NSW SES recognises members on International Day of People with Disability

Thursday 3 December is International Day of People with Disability, which is celebrated each year to increase awareness, understanding and acceptance of people with disability and recognise their achievements and contributions.

The theme for this year is Building Back Better: toward a disability-inclusive, accessible and sustainable post-COVID-19 World.

New South Wales State Emergency Service (NSW SES) has over 800 members who identify as living with disability that bring valuable skills, expertise and lived experience to the Service and to the wider community.

Colin Bailey is one such member and has been volunteering with NSW SES Snowy River Unit for over seven years. As a valued member of the unit, Colin specialises in Alpine Search and Rescue, Vertical Rescue and Road Crash Rescue.

“Given the proximity of our unit to the alpine region of NSW, we are specially trained in responding to skiers lost in snow, missing bushwalkers and also responding to car crashes,” he said.

Three years ago, Colin’s arm was completely severed following an accident on his property. His then 13-year-old daughter Ayumi and her friend Aja provided lifesaving first-aid by applying a tourniquet to Colin’s arm before paramedics arrived.

“As soon as the accident occurred, I knew I needed the girls to apply a tourniquet to my arm in order to save my life. I was able to direct them in what they needed to do by first aid skills I acquired through my training with the SES.”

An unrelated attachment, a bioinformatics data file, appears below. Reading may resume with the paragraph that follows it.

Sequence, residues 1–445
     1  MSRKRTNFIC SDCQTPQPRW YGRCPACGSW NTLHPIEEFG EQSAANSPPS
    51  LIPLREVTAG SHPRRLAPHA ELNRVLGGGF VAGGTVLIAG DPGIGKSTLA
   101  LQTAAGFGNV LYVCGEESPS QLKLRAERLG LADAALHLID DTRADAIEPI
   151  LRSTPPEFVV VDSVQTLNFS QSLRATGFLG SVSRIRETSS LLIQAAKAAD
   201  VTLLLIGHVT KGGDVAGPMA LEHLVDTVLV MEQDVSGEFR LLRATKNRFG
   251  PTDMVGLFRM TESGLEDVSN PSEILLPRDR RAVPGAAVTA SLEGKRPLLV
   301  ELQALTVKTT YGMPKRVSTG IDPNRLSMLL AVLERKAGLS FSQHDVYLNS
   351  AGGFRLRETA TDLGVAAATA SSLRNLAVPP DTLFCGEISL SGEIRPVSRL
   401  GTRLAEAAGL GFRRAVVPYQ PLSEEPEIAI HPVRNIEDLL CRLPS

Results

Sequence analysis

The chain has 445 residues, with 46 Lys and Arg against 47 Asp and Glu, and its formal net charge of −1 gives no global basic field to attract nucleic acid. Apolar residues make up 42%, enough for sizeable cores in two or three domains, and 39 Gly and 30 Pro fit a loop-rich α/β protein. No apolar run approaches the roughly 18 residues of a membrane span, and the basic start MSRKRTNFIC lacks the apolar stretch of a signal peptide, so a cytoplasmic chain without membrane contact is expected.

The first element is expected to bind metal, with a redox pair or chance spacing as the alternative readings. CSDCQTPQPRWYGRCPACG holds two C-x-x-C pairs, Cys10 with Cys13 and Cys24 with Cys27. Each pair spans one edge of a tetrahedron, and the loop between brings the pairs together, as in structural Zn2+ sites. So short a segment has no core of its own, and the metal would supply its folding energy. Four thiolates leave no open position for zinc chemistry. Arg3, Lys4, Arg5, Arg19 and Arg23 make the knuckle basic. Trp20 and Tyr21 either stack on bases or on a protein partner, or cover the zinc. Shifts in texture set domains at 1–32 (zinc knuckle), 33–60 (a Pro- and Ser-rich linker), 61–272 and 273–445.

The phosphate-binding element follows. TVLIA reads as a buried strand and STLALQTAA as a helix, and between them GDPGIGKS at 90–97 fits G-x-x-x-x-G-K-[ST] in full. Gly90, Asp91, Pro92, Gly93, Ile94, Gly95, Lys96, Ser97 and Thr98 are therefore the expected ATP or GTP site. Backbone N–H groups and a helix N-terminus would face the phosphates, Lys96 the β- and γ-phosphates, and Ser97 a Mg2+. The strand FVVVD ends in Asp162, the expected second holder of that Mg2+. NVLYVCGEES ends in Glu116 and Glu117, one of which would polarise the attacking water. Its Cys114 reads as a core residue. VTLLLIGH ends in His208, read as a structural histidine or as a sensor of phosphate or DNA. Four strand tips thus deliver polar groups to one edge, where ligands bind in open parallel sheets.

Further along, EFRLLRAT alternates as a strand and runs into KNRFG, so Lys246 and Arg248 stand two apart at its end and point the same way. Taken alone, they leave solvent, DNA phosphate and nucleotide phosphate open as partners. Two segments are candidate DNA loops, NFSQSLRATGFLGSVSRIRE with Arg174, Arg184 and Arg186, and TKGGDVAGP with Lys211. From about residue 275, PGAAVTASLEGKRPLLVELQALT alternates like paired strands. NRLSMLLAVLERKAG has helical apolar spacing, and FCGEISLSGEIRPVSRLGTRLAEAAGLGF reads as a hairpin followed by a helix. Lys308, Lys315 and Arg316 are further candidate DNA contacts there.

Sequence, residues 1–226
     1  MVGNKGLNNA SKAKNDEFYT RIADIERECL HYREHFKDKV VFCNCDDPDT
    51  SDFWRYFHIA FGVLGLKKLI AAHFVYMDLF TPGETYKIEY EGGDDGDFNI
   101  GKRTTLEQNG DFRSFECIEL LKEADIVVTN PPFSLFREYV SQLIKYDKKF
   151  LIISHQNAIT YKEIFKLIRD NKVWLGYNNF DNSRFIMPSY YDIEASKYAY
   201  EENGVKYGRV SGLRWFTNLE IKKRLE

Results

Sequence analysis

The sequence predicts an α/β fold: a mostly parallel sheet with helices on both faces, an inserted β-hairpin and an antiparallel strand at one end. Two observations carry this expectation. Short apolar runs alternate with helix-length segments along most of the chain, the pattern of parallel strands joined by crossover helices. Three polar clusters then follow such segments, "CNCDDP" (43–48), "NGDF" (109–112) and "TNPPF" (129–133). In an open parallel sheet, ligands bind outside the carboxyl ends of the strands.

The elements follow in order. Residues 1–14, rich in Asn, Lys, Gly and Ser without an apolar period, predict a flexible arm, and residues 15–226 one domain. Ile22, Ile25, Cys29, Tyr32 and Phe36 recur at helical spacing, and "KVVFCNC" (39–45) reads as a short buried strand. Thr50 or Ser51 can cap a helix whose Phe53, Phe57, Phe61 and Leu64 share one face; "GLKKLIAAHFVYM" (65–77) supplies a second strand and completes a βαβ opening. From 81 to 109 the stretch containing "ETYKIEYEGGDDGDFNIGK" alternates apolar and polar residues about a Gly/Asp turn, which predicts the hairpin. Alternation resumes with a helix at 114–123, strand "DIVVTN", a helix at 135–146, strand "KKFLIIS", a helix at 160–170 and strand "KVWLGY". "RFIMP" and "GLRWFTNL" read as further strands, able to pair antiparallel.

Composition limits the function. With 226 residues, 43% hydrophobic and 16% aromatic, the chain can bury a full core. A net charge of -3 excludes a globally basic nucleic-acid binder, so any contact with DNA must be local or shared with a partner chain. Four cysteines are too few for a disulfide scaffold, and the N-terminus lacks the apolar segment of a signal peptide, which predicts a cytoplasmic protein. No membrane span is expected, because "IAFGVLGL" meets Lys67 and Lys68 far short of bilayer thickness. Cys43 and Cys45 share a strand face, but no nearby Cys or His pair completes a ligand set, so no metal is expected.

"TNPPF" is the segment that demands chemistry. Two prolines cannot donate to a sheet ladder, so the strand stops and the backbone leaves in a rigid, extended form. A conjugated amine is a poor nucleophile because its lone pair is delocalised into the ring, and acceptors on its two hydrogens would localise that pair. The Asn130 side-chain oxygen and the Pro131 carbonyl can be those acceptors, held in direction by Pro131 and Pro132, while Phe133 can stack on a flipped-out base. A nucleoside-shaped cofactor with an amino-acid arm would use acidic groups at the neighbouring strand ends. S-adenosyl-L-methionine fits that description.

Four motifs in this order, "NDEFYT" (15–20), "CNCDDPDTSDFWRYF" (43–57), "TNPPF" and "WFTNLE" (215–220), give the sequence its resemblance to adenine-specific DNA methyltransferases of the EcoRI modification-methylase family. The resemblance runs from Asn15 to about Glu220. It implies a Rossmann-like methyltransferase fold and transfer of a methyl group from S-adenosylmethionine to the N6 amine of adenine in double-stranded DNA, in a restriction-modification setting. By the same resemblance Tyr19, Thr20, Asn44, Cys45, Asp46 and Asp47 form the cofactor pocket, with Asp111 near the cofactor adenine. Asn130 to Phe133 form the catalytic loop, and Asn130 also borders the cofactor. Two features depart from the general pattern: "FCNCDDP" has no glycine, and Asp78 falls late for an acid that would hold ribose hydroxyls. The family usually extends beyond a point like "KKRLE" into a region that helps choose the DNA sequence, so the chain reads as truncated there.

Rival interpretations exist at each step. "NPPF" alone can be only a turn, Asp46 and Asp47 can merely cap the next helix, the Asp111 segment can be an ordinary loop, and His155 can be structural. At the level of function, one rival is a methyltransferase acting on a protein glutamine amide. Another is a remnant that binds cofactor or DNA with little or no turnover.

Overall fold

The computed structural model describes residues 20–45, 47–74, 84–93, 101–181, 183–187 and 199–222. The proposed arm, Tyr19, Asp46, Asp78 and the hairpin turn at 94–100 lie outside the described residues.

After Colin’s accident, his team members spent the weekend renovating his property to make it more accessible for him.

“After my accident, I realised the true spirit of the SES and how fortunate my family and I were to be part of such a caring organisation. My teammates came and offered time over a weekend to help renovate my house and support my family and I through what was a challenging time.”

Colin continues to play a vital role at the Snowy River Unit despite his disability. While his injury may sometimes restrict his participation, such as driving ‘over-snow vehicles’, he continues to respond to emergencies.

“I am still an active member of the unit. I assist with providing advice and directions when my team is searching for missing people as I know the terrain well. There really is a role for everyone in the NSW SES,” he said.

The Snowy River Unit has also just gained two new recruits – Colin’s very own daughter Ayumi and her friend Aja who both just turned 16. The future of the NSW SES Snowy River Unit is looking bright with proven lifesavers like these two young women on the team.

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